Navajo-Hopi Nations,Flagstaff & Winslow News
Tue, Nov. 19

All tied up: Navajo basketball players forced to remove traditional tsiiyeeł hairstyle before game
Flagstaff High School Lady Eagle ballplayers were participating in Native American Culture Night

A Navajo Flagstaff High School Lady Eagles basketball player warms up before a Feb. 2 game with her hair in a tsiiyeeł, a traditional Navajo hairstyle. Photo/Rick Johnson Photography

A Navajo Flagstaff High School Lady Eagles basketball player warms up before a Feb. 2 game with her hair in a tsiiyeeł, a traditional Navajo hairstyle. Photo/Rick Johnson Photography

FLAGSTAFF, Ariz. - A referee asked members of the Flagstaff Lady Eagles basketball team to take their hair down from their traditional tsiiyeeł before a game Feb. 2 at the Flagstaff High School gymnasium.

The Lady Eagles were participating in Native American culture night, which was planned by the Lady Eagles Basketball Booster Club and coincided with their game against the Greenway Demons.

The referee who told the girls to take their hair down cited the Arizona Interscholastic Association (AIA) rulebook regarding "hair control devices." The referee questioned whether the hair ties posed a safety hazard. He then called for the girls take their hair down.

Navajo Nation President Russell Begaye said Navajo people are very enthusiastic in supporting high school sports and many have children who participate. They come from near and far to watch their teams play, he said.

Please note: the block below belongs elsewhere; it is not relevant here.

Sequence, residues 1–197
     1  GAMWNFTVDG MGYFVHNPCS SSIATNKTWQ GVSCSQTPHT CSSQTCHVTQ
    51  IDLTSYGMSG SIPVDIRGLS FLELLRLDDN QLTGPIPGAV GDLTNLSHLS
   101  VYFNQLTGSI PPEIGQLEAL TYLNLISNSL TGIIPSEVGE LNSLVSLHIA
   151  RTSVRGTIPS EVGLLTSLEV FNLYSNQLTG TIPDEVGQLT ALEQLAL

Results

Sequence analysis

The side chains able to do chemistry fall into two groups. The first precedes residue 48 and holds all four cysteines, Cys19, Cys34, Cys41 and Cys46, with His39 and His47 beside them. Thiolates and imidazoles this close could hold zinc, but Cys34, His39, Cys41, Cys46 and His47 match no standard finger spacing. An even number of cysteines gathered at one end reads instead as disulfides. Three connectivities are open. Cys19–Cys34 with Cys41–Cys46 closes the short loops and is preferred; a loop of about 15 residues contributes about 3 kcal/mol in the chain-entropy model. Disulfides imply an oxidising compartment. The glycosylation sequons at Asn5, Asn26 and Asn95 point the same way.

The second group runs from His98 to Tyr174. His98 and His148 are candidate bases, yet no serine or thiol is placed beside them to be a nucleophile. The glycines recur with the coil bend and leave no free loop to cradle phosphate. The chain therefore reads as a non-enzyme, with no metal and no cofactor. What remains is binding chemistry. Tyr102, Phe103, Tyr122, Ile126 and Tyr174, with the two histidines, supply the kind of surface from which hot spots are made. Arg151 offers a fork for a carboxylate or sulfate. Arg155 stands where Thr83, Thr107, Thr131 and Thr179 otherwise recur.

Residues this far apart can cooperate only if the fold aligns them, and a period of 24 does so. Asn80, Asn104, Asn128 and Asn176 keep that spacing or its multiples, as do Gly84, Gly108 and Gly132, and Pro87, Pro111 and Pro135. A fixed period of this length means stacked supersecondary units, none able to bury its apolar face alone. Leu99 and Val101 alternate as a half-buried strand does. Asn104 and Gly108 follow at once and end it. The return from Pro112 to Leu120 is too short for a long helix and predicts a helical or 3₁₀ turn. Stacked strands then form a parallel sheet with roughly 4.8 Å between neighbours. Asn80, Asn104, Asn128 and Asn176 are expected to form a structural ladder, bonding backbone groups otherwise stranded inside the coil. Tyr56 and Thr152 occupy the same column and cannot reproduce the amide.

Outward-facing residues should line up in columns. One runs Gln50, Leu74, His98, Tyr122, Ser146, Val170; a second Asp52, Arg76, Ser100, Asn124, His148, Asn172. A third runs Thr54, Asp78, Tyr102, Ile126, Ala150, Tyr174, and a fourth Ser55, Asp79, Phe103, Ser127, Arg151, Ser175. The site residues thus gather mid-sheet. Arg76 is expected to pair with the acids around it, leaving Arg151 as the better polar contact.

"I watch quite a number of sporting events including both boys and girls basketball," Begaye said. "At many of the games, you'll find girls teams wearing ribbons to support a cause or to show team pride. Our Navajo athletes should never be punished for expressing pride in their culture or who they are."

Begaye went on to say that referees who officiate games with Navajo teams should undergo cultural sensitivity education.

"In fact all non-Navajos that are refereeing games in northern Arizona should be required to take sensitivity training so that this type of blatant discrimination does not happen on the Navajo Nation to our tribal students," Begaye said. "This includes border towns."

Flagstaff High School Principal Tony Cullen said he contacted the regional director at AIA to dispute the interpretation of the ruling.

"The interpretation of this rule was way off. When I found out about it, I was fuming," he said. "I remember watching the Page High School girls play at the state championships with their hair tied up traditionally."

Begaye encourages students to continue to have pride in their culture and said that officiating against expressions of cultural pride in a scholastic setting is fundamentally wrong and discriminatory.

Begaye said he will file a letter of protest addressing this matter with the AIA.

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